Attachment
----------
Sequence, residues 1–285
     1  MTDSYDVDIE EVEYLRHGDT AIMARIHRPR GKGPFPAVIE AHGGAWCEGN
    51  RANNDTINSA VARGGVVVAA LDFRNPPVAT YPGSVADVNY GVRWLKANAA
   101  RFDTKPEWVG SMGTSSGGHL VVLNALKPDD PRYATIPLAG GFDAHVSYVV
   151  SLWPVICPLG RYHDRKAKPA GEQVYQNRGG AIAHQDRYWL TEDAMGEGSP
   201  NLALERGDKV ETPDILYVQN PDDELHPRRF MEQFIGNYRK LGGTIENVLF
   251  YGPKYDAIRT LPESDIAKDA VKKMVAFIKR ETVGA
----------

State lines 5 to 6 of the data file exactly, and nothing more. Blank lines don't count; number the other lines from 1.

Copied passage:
   151  SLWPVICPLG RYHDRKAKPA GEQVYQNRGG AIAHQDRYWL TEDAMGEGSP
   201  NLALERGDKV ETPDILYVQN PDDELHPRRF MEQFIGNYRK LGGTIENVLF